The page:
Saturday 1 May 2021 - 02:20

Kyrgyzstan and Tajikistan Sign Ceasefire Agreement after Violent Border Clashes

Story Code : 930115
Kyrgyzstan and Tajikistan Sign Ceasefire Agreement after Violent Border Clashes
Tempers began to flare between local residents on Wednesday when Tajikistan installed surveillance cameras near the Golovnoi water intake facility, a vital distribution point in the arid region, where water for irrigation is of vast importance.

A day later, both countries moved their troops in. The clash was the latest in a long series of disputes caused by the poor demarcation of the Kyrgyz-Tajik border, despite the two post-Soviet nations being independent for 30 years.

Thursday’s armed clashes between troops of the two countries not only caused more than dozens of casualties but led to the burning down of residential buildings, as well as a school and a border checkpoint.

A ceasefire was agreed in the evening, at 17.00 Moscow time.

Both Kyrgyzstan and Tajikistan are members of the Commonwealth of Independent States (CIS), a group of nine countries that were formerly republics of the Soviet Union. They are also part of the Collective Security Treaty Organization (CSTO), a smaller, six-country military alliance. The largest member of CSTO and CIS, Russia, welcomed news of a ceasefire.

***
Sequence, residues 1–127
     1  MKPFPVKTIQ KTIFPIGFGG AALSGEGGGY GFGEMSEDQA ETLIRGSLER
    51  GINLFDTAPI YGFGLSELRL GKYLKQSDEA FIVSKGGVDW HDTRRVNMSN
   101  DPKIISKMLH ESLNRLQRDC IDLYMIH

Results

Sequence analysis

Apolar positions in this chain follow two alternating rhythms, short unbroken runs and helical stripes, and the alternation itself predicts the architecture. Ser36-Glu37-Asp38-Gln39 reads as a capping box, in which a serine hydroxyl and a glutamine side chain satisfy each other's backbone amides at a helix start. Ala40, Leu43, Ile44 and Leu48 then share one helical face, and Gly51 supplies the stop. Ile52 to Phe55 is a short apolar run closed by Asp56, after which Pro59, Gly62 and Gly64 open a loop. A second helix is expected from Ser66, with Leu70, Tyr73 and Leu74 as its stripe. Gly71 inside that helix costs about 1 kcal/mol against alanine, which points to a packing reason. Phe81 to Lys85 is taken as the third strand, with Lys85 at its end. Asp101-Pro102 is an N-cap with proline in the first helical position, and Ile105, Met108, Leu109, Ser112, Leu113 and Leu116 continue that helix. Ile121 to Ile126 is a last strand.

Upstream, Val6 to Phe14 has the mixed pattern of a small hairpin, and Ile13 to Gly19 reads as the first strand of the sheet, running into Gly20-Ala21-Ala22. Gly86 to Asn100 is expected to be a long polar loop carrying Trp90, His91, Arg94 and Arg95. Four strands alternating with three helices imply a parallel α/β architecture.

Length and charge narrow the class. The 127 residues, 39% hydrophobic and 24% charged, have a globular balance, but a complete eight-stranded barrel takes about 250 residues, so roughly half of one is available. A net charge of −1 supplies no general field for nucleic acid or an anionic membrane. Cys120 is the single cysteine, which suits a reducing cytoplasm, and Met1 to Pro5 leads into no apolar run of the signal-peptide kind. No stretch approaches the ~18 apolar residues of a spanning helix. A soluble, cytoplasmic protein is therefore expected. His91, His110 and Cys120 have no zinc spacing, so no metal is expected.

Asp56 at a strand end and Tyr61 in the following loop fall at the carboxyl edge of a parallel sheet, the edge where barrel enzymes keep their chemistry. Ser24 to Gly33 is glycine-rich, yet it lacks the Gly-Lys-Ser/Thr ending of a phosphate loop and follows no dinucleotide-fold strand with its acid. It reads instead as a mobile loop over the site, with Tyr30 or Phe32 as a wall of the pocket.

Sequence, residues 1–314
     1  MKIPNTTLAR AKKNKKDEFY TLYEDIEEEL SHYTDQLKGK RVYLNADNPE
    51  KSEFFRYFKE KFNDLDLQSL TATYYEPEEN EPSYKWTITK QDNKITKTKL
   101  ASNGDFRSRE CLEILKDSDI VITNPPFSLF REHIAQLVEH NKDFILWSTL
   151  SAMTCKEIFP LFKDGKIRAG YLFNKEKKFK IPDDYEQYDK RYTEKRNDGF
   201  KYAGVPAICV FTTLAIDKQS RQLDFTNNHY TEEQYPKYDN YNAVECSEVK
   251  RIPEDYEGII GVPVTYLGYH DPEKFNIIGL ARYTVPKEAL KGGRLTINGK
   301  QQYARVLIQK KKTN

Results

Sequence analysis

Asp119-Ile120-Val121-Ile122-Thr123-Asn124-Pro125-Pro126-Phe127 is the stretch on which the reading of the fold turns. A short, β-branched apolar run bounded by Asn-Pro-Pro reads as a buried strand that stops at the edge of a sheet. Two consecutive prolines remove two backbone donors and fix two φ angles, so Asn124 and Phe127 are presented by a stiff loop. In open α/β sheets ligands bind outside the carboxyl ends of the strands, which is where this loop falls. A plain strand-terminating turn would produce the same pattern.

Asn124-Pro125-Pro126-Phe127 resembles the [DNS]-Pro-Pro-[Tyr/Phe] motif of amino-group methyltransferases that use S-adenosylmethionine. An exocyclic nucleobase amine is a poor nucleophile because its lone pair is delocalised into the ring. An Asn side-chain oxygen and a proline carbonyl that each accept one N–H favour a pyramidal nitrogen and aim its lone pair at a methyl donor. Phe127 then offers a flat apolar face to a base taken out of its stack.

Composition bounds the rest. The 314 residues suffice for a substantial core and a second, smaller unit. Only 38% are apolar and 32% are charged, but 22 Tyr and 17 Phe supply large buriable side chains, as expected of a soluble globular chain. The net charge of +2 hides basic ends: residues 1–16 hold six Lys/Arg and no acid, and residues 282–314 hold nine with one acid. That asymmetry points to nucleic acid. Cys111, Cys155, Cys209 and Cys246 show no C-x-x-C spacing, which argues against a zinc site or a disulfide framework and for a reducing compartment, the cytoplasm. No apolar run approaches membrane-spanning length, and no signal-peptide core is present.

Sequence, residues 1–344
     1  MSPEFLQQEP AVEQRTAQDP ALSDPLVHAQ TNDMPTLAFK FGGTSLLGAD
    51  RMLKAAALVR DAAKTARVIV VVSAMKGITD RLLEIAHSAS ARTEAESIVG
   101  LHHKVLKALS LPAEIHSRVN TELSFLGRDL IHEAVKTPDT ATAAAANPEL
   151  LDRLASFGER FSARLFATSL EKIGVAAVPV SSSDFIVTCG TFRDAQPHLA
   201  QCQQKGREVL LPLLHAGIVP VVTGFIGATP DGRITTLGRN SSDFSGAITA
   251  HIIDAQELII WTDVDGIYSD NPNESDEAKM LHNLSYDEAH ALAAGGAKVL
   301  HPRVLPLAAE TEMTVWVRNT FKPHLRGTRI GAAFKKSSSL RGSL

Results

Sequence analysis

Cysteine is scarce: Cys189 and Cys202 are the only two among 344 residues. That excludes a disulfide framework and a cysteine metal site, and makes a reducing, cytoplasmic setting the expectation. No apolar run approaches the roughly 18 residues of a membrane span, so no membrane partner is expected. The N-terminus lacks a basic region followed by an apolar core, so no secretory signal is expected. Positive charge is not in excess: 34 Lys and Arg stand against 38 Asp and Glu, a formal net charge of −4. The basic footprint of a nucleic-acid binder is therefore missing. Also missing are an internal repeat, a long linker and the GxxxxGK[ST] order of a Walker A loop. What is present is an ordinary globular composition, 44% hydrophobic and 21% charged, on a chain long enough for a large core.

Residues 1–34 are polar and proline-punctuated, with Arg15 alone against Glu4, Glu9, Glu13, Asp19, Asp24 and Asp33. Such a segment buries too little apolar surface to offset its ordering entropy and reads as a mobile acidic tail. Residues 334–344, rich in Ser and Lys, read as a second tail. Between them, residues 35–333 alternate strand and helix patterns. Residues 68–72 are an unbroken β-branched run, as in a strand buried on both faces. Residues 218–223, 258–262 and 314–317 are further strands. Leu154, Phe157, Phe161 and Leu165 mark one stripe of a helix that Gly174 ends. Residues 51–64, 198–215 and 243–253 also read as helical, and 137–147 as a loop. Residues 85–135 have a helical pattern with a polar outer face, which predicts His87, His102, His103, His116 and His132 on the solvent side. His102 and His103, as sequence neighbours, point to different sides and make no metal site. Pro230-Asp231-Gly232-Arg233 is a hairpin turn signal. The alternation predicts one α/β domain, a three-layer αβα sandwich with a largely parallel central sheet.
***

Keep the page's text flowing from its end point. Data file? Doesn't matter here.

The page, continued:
“We call on the parties, through further negotiations in the spirit of alliance and good neighborliness, to reach stable and long-term agreements that will normalize the situation,” a statement from Russian Foreign Ministry spokeswoman Maria Zakharova said, following the announcement.

On Friday morning, Kremlin spokesman Dmitry Peskov revealed that Russian President Vladimir Putin is ready to act as a mediator between Bishkek and Dushanbe.

Following the ceasefire, Tajikistan and Kyrgyzstan agreed to hold talks in the Tajik city of Isfara, with the aim of solving the disagreement.